Once the screw has been loosened sufficiently, the lock will pull out of the door easily (Photo 19). There are no cables or linkage rods connected to the lock that need to be disconnected. At this point, you can take the lock to the workbench for service.
In Photo 20, you can see the socket that the lock fits into and the lock retainer mechanism fully retracted to release the lock. The lock retainer is a “U” shaped bracket that slides into two slots in the lock housing. Loosening the screw pulls this bracket toward the edge of the door, allowing you to remove the lock once the bracket has moved far enough.
In photo 21, I have re-tightened the retaining screw with the lock removed so that you can see where the retainer rests when the lock has been re-installed. Personally, I like this type of retainer and think it will do a very good job of holding the lock in place. More importantly, it doesn’t look like this retainer will fall inside the door while you have the lock out like on some vehicles.
One quick note on the door handle though, just as on the new Camaro, the handle will pull completely out of the door if you pull on it while the lock is removed. Make sure that while you have the lock out that no one messes with the handle. I left the Allan wrench in place and gently closed the door until the handle of the Allan wrench was against the body of the car while I was working on this one.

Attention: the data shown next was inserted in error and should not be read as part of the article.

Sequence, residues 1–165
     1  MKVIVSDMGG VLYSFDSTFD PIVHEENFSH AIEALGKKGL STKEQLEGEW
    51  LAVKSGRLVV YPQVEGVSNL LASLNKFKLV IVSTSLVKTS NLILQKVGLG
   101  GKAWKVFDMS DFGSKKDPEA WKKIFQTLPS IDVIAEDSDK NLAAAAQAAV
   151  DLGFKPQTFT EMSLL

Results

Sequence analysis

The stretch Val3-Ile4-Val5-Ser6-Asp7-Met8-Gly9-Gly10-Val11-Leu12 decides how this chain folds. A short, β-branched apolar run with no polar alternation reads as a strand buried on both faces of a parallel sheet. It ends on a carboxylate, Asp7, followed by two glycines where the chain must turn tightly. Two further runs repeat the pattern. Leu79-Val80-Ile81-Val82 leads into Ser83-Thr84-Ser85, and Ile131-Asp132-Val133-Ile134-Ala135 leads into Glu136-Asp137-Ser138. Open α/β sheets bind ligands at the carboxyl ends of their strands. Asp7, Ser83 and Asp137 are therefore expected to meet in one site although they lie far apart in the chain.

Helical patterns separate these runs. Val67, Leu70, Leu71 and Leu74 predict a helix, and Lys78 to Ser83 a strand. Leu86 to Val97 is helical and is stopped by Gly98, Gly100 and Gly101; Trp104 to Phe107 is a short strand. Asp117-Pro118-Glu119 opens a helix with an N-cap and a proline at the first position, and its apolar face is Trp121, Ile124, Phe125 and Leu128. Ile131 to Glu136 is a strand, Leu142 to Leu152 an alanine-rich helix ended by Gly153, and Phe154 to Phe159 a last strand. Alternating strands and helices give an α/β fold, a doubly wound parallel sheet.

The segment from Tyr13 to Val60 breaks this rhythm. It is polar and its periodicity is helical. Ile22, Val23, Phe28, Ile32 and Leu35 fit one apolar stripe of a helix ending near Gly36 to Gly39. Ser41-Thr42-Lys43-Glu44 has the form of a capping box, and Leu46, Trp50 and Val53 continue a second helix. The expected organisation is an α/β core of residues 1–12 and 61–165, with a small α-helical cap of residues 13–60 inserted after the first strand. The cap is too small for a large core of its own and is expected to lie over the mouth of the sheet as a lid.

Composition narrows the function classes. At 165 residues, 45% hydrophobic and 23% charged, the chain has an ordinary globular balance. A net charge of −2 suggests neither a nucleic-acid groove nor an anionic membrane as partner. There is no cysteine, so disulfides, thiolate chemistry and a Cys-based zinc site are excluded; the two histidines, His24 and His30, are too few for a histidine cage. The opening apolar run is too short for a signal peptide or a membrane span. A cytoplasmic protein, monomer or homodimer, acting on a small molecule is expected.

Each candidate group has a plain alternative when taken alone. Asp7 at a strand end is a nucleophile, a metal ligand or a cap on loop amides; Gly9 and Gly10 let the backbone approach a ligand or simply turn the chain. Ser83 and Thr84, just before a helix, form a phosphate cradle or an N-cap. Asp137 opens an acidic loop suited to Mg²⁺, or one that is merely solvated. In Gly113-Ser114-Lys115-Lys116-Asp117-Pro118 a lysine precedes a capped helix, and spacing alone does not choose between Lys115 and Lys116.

Disassembling the Door Lock
The painted cover on the lock cylinder would be easy to scratch while working on the lock, so the first order of business is to remove it for safe keeping. The cover, like that on the new GM door locks is plastic and snaps into place on the lock housing. (Photo 22)
On the edge of the lock cover that is normally against the handle, there is a rectangular opening that fits over a ramp on the side of the lock housing (shown in Photo 23). A little careful prying between the lock and the cover at this point will allow the cover to come off the lock.
On the opposite end of the cover, a small tab that fits over the end of the lock housing. (Photo 24) Once the flat edge of the cover is loose, sliding it toward the tapered end of the lock will allow it to come free. Be sure to put the cover in a safe place while you work on the lock.
With the cover off, you can see the lock housing in Photo 25. If you have to buy a replacement lock for one of these, it will not include the plastic cover, since that is painted to match the car.